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Shawnee Mission North banner removed from gym

Intertribal Club members say the mascot is offensive

Griffin Nelson

Griffin Nelson

Among the banners for Sunflower League schools hanging outside the LHS gym was one for Shawnee Mission North. It was removed Friday morning over students concerns about the mascot.

Meredith Chapple, Lawrence High School

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The Shawnee Mission North school banner hanging in the main gym lobby was removed this morning amid complaints by Native American students about the use of the school’s mascot, the Indians.

The removal came at the request of the Intertribal Club, which emphasized that the banner was offensive. The banner displayed the Shawnee Mission North’s mascot: a chief in headdress.

“The fact that the banner was taken down, it shows a sense of unity and support between the administration and our club, which means a lot throughout the racial tension going on with the Community Conversation,” said sophomore Inez Robinson, who is a part of Intertribal Club. “It definitely shows that native students, indigenous students are safe here in our school.”

Many schools recently have discussed changing mascots that use Native Americans. The Manhattan, Kan., school board voted in December to retain its mascot. Twenty-four high schools in Kansas use Native American-related mascots, according to a story from the Lawrence Journal-World.

The movement toward removing the banner at LHS came from the Intertribal Club, after members were troubled by interactions during a basketball game at Shawnee Mission North on Tuesday. Senior Madison McKinney was disturbed by students doing a tomahawk chop cheer and student mascots wearing native dress during the game. Her Facebook post about the game had 32,253 views of a video she posted as of 11:37 a.m.

Intertribal Club members met on Wednesday to discuss what they wanted to see happen.

“They were trying to think of ways that we could do something as a school to show that we do not support that, and so their banner hanging out in the gym lobby was just a way that we could try to show that we don’t support their mascot,” McKinney said.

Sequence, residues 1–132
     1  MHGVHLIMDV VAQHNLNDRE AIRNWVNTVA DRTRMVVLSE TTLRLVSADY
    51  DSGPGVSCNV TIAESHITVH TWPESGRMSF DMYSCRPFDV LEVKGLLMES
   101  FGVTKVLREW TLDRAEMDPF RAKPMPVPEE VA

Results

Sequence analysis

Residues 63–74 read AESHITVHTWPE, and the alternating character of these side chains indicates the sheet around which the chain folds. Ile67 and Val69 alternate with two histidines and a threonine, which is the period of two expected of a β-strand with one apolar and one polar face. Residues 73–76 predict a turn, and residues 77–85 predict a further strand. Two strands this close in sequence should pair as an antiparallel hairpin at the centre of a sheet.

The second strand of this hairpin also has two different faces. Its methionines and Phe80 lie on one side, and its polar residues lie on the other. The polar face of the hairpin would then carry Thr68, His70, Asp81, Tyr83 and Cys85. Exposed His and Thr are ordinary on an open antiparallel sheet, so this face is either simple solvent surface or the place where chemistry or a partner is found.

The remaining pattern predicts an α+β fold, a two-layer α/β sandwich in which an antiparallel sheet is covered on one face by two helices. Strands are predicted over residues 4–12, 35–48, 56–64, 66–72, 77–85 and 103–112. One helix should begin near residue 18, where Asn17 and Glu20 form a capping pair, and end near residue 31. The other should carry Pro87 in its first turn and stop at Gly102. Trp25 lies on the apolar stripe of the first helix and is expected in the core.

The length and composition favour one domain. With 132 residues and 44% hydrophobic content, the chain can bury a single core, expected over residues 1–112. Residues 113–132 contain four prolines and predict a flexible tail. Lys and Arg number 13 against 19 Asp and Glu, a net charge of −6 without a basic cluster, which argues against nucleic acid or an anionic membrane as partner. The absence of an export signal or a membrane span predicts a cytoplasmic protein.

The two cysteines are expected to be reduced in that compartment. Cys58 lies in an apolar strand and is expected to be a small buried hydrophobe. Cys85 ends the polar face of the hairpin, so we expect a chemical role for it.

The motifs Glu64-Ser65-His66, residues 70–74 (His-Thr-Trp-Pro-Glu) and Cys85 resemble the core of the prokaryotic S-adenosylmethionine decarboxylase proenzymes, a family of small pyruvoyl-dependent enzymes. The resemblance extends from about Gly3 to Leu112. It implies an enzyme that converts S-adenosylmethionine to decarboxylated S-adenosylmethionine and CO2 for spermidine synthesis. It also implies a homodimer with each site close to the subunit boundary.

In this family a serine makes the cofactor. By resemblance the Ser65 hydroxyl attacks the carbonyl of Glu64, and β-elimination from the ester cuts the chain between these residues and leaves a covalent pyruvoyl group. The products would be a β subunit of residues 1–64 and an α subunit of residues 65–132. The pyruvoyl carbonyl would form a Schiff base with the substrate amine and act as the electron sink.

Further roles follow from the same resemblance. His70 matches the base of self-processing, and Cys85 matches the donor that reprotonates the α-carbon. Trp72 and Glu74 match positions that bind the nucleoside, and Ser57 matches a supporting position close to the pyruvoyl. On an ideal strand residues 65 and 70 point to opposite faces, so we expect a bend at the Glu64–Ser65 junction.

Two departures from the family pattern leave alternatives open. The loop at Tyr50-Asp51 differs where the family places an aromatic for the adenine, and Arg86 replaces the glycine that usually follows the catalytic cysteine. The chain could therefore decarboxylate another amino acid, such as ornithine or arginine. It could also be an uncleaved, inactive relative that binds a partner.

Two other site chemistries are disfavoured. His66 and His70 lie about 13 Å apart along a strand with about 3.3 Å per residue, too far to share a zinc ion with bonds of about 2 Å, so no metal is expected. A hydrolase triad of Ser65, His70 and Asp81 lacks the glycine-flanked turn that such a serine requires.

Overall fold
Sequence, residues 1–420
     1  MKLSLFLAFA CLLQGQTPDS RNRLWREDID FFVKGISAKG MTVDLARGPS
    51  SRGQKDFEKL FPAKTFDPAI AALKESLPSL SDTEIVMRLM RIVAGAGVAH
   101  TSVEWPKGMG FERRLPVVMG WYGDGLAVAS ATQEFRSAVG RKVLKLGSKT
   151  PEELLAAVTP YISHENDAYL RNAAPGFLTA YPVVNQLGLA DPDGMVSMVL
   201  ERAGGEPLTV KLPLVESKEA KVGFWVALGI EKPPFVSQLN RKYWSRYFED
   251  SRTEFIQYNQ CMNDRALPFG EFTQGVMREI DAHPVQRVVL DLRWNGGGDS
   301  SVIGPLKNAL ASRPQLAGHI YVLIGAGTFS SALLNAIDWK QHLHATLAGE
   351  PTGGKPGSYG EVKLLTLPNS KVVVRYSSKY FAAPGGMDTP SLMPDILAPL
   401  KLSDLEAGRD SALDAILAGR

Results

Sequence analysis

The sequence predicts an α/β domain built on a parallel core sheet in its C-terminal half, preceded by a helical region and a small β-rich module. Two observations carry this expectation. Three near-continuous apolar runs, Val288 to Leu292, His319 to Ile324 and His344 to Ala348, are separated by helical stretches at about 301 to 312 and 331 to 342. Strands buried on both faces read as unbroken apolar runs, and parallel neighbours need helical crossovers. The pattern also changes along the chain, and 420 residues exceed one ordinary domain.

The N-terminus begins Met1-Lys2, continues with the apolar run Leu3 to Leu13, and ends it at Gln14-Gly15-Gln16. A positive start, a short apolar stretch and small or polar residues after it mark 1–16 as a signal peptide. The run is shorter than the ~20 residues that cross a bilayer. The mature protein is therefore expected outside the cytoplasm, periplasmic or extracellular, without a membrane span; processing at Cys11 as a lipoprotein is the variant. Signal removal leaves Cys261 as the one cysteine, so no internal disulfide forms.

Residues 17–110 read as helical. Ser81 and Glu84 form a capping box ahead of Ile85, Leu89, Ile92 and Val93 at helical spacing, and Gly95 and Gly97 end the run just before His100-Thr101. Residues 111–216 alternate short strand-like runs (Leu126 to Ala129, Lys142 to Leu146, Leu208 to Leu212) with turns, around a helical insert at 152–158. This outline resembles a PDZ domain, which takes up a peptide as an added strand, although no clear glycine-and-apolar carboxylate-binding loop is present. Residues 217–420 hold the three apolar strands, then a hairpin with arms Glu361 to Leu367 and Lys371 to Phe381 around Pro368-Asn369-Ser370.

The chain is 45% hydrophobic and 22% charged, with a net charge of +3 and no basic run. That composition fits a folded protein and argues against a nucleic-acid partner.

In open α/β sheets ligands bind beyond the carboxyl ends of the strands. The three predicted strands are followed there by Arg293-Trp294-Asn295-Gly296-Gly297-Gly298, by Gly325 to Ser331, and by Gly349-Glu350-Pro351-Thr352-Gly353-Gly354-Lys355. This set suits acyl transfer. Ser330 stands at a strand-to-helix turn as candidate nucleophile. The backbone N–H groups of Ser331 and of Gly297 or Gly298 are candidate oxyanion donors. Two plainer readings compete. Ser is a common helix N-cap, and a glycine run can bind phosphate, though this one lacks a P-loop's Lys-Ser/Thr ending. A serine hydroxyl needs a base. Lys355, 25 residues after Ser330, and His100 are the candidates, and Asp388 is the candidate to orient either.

On Friday morning, members asked Athletic Director Bill DeWitt to remove the banner.

DeWitt said it was not much trouble to remove the banner. He said there are other symbols for Shawnee Mission North that they can use instead of the mascot.

“When we have the opportunity to control things and it puts kids in a place where they feel some trust and some respect by their own school, then we’ve got to try to do that,” DeWitt said.

DeWitt, who runs the athletic Twitter for LHS, recently stopped using the mascot’s name in tweets. He said that was an easy change so he had no problems doing that. LHS this year also stopped using the mascot’s name when announcing plays during football games.

“When there’s things that we can do that directly have an effect, we do it,” DeWitt said. “So that’s why we adjusted the way we tweet.”

DeWitt said LHS will also discuss the use of the mascot when LHS plays home games against Shawnee Mission North.

“There’s nothing official, but part of being a good league partner is being able to control your own environment and what you allow and don’t allow, and so we want to have conversations with our league partners about some imagery that they use that our students here, particularly with a large indigenous population of students, find offensive,” he said. “Our goal is not to obviously stop free speech at the door, but it’s to have conversations and educate and see if people do the right thing.”

McKinney does not expect quick change from Shawnee Mission North.

“We understand that it’s not going to happen as easily and quickly as we want it to,” she said. “We do hope that over time we can educate them [Shawnee Mission North], we can find a way for them to understand how their chants and their actions are disrespectful toward our culture. At the least we want to educate them and to help them understand where we are coming from as a people.”

DeWitt doesn’t predict much blowback from the decision to take down the banner.

“If you would’ve gone to the game Tuesday night at Shawnee Mission North, and you were a Native American student, you would have walked away from that game going ‘You know what? That’s a little much,’ ” DeWitt said.

Removing banners may not be an issue for other schools. Free State, for example, just lists school names and not mascots in its gym.

“It’s a huge issue to those kids and when kids have issues, then we want to try to address them,” DeWitt said.

Read the original story.

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